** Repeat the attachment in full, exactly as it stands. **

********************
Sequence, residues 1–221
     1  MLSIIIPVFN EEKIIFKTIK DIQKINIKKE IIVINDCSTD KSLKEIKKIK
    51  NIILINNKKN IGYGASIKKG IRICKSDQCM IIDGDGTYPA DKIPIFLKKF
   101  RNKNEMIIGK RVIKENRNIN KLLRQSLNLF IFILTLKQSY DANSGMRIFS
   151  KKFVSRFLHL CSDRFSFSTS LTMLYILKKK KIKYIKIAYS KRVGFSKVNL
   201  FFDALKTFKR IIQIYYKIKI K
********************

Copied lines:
Sequence, residues 1–221
     1  MLSIIIPVFN EEKIIFKTIK DIQKINIKKE IIVINDCSTD KSLKEIKKIK
    51  NIILINNKKN IGYGASIKKG IRICKSDQCM IIDGDGTYPA DKIPIFLKKF
   101  RNKNEMIIGK RVIKENRNIN KLLRQSLNLF IFILTLKQSY DANSGMRIFS
   151  KKFVSRFLHL CSDRFSFSTS LTMLYILKKK KIKYIKIAYS KRVGFSKVNL
   201  FFDALKTFKR IIQIYYKIKI K